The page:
That said, Airbnb listings do provide a valuable service for any destination hosting a large-scale event that places major pressure on its existing hotel supply. For example, when Salesforce brought an estimated 150,000-plus attendees to Dreamforce 2015 in San Francisco this past September, every hotel in the city sold out in advance. “We could either turn people away,” D’Alessandro said, “or find space for more people to be part of the conference.”
Indeed, San Francisco Travel isn’t the only player in the meetings industry to recognize that Airbnb can play a pivotal role in helping attendees who are looking for accommodations. In September, Experient announced that it would help clients include Airbnb as a housing option for attendees. “Right now, we’re finding ourselves in situations where we often need to try to secure additional rooms for our clients,” said Scott Durkin, Experient’s vice president of partner development. “In compressed cities, that can be really difficult. Our approach with Airbnb is to add the option in when we’re experiencing that compression factor. When all the blocks have filled up or it’s difficult to add inventory, these properties can make the difference in the ability to attend or stay home for some attendees.”
But adding Airbnb as an official housing provider doesn’t just give attendees more lodging options. It also can help meeting planners gain a more complete picture of their meetings’ value to a destination. “We’re working with Airbnb on the reporting component so that our clients have the ability to understand where their attendees and exhibitors are staying,” Durkin said. “That’s a crucial component that helps capture the true impact of a convention on a city and provides additional leverage in future negotiations.”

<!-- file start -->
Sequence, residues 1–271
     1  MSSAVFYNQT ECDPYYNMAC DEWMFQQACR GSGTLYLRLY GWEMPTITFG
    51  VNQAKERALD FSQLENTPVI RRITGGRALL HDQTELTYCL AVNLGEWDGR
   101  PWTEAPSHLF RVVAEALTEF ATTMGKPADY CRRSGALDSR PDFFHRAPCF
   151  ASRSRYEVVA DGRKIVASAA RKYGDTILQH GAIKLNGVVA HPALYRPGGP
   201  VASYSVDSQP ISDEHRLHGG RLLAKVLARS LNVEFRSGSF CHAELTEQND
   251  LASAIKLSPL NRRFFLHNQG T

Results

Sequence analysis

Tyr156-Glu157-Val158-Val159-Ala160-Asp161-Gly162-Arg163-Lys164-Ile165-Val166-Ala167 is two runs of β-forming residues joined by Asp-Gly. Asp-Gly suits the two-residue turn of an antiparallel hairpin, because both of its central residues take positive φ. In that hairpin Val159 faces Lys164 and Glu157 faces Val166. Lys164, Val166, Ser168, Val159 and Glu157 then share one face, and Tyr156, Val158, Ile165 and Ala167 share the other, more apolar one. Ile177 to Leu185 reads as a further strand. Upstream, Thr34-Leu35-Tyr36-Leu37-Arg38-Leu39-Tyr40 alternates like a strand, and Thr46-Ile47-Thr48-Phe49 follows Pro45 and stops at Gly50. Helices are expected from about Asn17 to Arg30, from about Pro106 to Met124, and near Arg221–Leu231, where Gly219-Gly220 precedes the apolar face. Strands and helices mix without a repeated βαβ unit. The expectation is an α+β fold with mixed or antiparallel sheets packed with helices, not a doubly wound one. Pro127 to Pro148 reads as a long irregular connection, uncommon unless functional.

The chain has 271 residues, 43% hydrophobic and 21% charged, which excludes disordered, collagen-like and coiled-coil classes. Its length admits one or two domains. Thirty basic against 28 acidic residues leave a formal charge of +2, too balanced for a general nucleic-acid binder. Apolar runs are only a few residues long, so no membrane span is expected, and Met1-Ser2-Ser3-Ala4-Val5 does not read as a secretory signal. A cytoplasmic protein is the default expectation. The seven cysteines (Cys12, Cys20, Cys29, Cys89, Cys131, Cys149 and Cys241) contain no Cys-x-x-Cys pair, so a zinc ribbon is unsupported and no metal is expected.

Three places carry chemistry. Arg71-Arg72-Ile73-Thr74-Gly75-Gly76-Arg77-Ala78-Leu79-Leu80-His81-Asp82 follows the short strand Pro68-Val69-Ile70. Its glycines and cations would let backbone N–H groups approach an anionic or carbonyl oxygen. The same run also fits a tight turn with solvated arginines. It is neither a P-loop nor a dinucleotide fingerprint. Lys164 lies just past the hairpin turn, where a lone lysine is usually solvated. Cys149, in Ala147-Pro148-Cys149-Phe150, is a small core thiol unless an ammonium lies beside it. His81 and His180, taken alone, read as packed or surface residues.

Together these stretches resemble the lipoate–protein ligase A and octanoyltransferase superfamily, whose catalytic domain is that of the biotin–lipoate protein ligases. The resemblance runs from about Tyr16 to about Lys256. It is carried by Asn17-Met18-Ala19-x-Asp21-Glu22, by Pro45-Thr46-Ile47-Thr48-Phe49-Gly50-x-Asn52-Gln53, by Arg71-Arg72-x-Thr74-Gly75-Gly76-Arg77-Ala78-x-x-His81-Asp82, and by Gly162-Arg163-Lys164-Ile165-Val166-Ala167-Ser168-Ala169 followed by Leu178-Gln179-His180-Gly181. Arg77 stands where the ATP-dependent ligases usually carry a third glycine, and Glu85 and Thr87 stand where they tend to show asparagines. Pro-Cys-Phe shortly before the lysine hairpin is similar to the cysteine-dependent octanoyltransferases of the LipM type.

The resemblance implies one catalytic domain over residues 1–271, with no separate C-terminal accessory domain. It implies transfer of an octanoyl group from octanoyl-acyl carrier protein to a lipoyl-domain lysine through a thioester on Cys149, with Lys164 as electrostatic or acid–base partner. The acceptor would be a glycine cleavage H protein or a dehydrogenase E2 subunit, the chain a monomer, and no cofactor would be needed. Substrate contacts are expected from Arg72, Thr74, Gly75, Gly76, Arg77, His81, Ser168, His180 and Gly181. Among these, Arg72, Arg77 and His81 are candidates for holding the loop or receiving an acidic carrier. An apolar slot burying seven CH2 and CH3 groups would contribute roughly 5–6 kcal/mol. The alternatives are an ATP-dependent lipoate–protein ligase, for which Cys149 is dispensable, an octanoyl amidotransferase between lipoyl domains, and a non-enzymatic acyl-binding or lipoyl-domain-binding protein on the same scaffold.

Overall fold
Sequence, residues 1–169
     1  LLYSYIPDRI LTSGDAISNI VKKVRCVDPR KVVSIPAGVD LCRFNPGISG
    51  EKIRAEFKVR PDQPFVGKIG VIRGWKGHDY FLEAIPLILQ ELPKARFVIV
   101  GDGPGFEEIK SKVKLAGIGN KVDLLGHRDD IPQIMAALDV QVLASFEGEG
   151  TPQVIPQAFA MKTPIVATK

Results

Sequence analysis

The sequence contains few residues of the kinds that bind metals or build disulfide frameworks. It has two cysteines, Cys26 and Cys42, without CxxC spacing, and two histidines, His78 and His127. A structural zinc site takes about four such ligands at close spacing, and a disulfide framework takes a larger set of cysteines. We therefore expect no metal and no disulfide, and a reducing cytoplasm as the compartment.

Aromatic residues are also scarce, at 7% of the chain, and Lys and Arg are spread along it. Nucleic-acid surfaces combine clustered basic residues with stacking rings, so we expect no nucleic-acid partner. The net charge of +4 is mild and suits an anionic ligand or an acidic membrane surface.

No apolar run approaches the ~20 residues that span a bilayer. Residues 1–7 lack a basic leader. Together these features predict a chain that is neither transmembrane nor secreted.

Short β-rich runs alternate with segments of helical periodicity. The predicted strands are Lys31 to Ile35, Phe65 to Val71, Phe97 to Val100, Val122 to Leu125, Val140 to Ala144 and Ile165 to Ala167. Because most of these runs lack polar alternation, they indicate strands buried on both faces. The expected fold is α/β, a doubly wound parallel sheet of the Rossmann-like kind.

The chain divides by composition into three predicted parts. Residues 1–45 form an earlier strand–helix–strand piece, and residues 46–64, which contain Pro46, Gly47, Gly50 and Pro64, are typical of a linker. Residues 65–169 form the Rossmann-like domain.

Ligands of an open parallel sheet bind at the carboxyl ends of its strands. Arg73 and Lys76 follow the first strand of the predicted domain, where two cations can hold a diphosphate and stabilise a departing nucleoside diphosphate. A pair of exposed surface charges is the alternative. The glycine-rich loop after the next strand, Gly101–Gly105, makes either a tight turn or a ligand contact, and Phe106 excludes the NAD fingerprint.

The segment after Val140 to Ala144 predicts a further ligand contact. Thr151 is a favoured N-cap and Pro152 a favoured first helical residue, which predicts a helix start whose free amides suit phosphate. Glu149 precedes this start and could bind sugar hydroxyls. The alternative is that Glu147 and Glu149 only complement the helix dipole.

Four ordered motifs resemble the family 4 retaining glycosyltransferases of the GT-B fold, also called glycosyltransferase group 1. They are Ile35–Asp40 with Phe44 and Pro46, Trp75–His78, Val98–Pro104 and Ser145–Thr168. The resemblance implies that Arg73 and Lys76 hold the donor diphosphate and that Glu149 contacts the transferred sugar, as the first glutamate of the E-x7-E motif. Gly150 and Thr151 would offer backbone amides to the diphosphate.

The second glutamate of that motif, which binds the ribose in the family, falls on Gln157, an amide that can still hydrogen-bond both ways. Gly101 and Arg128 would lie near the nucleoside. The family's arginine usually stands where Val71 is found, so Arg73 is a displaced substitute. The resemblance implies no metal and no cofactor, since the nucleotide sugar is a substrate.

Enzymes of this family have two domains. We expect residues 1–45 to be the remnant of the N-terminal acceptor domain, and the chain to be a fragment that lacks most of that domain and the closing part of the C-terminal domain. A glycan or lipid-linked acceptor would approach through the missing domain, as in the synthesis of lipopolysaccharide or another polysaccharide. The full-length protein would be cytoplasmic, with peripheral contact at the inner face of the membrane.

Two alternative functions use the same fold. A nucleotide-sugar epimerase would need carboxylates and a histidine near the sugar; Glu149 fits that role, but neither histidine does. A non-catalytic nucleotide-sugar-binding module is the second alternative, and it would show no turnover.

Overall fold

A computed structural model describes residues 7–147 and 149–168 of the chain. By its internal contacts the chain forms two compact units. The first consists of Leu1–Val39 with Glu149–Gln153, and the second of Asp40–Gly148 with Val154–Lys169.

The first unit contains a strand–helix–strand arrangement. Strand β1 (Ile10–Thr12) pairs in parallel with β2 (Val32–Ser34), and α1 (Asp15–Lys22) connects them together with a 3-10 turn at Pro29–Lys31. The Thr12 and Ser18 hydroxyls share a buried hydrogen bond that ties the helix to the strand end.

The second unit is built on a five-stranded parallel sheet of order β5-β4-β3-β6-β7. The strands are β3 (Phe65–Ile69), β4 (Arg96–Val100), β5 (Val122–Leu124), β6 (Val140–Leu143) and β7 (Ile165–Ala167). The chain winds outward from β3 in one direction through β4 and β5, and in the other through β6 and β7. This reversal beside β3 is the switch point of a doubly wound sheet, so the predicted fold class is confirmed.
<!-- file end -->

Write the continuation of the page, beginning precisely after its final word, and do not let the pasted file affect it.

While San Francisco Travel and Experient both have embraced a forward-thinking approach, Airbnb has a long way to go before it becomes a major player in convention housing. Santa Monica, California, recently banned short-term rentals for less than 30 days, while members of the New York City Council have proposed fines of $10,000 for homeowners who illegally rent their properties.
But while local lawmakers are working to determine how to effectively regulate short-term rentals, the global verdict is clear. People love Airbnb. Inc. named it Company of the Year in 2014. President Obama appointed company co-founder Brian Chesky as a Presidential Ambassador for Global Entrepreneurship. By 2020, The Wall Street Journal forecasts, Airbnb’s revenue will reach $10 billion — a more than ten-fold increase from 2015 revenue projections. “The bottom line,” D’Alessandro said, “is that Airbnb is a competitor for traditional hotels.”
And competition isn’t anything new for the lodging business. D’Alessandro points to the hotel industry’s ability to work with online travel agents like Priceline and Expedia as evidence that major brands can adjust to the evolution of travel. As hoteliers work to make those adjustments and navigate the new landscape of travel, what does it mean for meeting planners who are looking ahead to negotiating contracts and filling room blocks?
“No matter how you look at the future of convention housing, Airbnb is going to be a positive,” Durkin said. “It’s going to make hotel chains work even harder. They’ll have to look at how they’re attracting attendees and what they’re providing at their properties.”